Justice League’s Uninspiring Comic Con Preview Looks like More of the Same from the Struggling DCEU

Few major film franchises have caused such a strict schism in so-called “nerd culture” as the DCEU: Warner Bros’ shared superhero cinematic universe that includes such titanic heavyweights as Batman, Superman and Wonder Woman.  Genre fans on both side of the aisle have raged either for or against it since the franchise began with 2013’s Man of Steel.  Although the film studio hoped to change the nature of the conversation surrounding their upcoming movies at this year’s Comic Con, they’ve done nothing but add further fuel to the fire.

While DC movies have historically been the go-to for big screen superheroics — with movies like Superman and The Dark Knight redefining what such movies were fundamentally capable of — there has been a considerable change in the zeitgeist over the last decade.  Marvel Studios’ breezy costumed adventures have become the brand of choice for superhero fans the world over and the once revered DC Comics has fallen into a state of utter pandemonium.

As audiences have grown to accept colorful, quippy, fun and funny to be the industry standard, Warner Bros has bullheadedly doubled down on the now-outdated ideas that used to draw fans to the movie theater.  Rather than the visceral enjoyability of the latest Marvel movie, DC’s recent outings have been consistently dark, bleak, unfunny and unfun.  They’ve tried positioning themselves as the “serious” alternative to Marvel’s more light-hearted antics, and it has so far blown up spectacularly in their faces.

Man of Steel sharply divided audiences with its uncharacteristically beak tone for a Superman movie, its nonsensical story (even by blockbuster standards) and for forcing its title character to unceremoniously kill off one of his most iconic villains.  Batman v Superman Frankensteined together two of the comic publisher’s darkest stories — The Death of Superman and The Dark Knight Returns — and hoped that it would be enough to get people invested in these darker, “edgier” versions of characters whose primary audiences are, and always have been, children.

It didn’t work.  Although still technically a box office success, the movie failed to meet industry expectations, was mercilessly savaged by critics and whose disappointing second and third weekends forced journalists to consider a new method for measuring a blockbuster’s success (not overall dollars earned, but by what percentage its audience dropped off in the following weeks).  Even though it adapted two of the most iconic DC stories, introduced a new version of Batman and was the cinematic debut of Wonder Woman, it couldn’t meet the new industry standard of $1 billion internationally.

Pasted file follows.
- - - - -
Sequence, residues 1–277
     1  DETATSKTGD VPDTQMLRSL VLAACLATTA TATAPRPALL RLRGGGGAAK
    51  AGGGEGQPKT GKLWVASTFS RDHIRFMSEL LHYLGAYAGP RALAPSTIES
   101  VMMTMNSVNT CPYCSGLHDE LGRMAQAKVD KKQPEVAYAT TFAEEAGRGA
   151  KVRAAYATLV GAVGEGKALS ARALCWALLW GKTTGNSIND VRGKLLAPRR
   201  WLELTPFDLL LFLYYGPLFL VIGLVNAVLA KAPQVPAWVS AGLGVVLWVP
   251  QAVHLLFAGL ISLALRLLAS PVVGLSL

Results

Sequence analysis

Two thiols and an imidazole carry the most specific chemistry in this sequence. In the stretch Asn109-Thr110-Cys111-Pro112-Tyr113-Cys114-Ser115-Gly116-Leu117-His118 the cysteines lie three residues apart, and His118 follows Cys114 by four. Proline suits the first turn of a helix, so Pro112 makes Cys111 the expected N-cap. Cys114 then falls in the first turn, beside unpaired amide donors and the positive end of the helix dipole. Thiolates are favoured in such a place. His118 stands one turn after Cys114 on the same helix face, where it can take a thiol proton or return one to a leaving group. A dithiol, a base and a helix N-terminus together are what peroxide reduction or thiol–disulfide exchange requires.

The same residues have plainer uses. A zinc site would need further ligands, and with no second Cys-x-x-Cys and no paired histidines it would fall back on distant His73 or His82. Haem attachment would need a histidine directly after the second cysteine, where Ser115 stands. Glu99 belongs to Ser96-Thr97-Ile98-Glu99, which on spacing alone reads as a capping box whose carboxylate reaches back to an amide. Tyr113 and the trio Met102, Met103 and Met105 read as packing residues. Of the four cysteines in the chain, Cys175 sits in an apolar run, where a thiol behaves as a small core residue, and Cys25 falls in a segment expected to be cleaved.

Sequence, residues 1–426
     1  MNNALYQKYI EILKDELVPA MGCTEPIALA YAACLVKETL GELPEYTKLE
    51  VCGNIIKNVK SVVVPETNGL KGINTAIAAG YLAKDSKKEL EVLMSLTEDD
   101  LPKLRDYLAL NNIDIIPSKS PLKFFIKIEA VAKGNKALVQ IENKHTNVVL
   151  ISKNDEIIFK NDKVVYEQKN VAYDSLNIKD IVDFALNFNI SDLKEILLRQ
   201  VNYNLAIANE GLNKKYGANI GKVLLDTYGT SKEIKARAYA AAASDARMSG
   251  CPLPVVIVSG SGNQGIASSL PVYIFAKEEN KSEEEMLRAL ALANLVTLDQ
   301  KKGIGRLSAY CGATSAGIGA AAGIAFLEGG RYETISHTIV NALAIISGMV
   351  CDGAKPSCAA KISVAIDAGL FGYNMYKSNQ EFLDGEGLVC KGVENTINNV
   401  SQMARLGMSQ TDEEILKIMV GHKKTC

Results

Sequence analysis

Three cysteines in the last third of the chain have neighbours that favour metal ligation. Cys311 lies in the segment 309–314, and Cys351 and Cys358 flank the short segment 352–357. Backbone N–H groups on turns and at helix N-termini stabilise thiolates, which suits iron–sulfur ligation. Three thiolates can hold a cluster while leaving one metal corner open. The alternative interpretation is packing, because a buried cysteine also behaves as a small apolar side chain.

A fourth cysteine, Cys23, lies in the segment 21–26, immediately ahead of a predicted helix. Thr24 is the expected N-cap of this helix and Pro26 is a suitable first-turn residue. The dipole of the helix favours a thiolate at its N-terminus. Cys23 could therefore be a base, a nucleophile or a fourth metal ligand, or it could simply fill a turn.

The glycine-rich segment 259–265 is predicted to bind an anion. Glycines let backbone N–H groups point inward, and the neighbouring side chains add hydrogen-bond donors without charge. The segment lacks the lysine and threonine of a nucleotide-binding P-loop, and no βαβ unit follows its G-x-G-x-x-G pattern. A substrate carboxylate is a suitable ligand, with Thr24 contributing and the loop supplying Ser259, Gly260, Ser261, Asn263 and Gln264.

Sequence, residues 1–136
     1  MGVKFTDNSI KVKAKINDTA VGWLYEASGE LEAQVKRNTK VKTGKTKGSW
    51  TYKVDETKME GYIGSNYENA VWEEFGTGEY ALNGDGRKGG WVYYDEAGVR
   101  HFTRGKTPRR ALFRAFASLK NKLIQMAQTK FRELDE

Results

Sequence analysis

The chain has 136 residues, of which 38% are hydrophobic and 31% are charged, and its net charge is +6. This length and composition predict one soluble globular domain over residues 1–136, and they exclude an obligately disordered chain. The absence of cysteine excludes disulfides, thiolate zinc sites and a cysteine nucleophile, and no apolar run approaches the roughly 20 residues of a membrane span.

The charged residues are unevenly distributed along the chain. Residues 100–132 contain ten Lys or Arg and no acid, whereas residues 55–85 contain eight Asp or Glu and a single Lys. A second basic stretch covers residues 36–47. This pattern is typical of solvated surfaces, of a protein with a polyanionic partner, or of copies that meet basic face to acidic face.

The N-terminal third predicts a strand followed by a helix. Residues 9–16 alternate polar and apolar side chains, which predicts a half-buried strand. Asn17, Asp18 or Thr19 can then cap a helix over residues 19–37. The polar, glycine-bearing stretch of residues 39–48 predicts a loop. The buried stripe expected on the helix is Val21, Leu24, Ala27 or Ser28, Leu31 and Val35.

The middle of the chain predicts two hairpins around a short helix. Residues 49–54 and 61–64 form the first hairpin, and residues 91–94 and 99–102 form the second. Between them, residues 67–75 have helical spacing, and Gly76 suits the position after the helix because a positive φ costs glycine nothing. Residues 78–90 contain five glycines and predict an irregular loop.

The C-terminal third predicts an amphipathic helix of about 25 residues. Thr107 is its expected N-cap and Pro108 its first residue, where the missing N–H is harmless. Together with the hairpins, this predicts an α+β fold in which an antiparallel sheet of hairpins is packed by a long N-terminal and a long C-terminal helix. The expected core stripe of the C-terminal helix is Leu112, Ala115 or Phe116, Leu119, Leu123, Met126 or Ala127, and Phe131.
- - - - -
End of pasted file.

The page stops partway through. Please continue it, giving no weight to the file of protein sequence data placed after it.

Suicide Squad fared no better.  Although it featured the first live-action Harley Quinn, debuted a new Joker and promised to correct the mistakes of the franchise’s past, it still ended up as one of 2016’s worst reviewed movies and maligned many of the talented individuals who worked on the film.  The only recent DC movie that could be called a success is Wonder Woman: which is itself a dramatic departure from the other DCEU movies tonally and narratively.

Desperate for another hit like Wonder Woman, Warner Bros has pulled out all the stops for their Avengers-level franchise team-up: Justice League.  They’ve gone through multiple, extensive reshoots since principle photography was completed, even bringing in Joss Whedon to handle the film’s final push when a personal tragedy kept director Zack Snyder from doing the job himself.  And Comic Con was their big chance to change people’s minds about what to expect from this movie.

The results — including a four minute preview into the upcoming Justice League movie — were sadly not what Warner Bros’ needed right now.  This was their one real chance to turn things around, and it was all just so unbearably dull.

For a major studio production, the whole thing looked surprisingly cheap: like a made-for-TV movie that relies on too much green screen because they didn’t have the budget for location shooting.  It introduces us to Steppenwolf, tearfully boring villain that not even hardcore DC fans tend to care about.  It shoves the painful memory of Batman v Superman down our collective throats by making everything a reaction to Superman’s conspicuous absence, only to beat us over the head with his inevitable return.

More than anything, I want this movie to be good.  I grew up on Batman: The Animated Series.  I adored the old DC movies as a kid and the Dark Knight Trilogy came out right after I started thinking more seriously about films in general.  I love their characters.  I love their story arcs.  I love watching them face off against all their greatest villains.

The sad truth of the matter is that this movie will probably be just as bad as anything already released in the DCEU.  Warner Bros’ fixation on depressing, grimdark, edgelord versions of these characters has both missed the point of their continued popularity and ruined their movies beyond any hope of repair.

I genuinely hope that I’m wrong about this.  I want this to be the turning point in the DCEU that the franchise so desperately needs it to be.  I want to see all of the disparate threads of this stuttering franchise to come together in a single “Eureka” moment.  I want to like the movies that I pay to see.

Sadly, though, you can’t always get what you want, and I have absolutely no reason to expect otherwise here.


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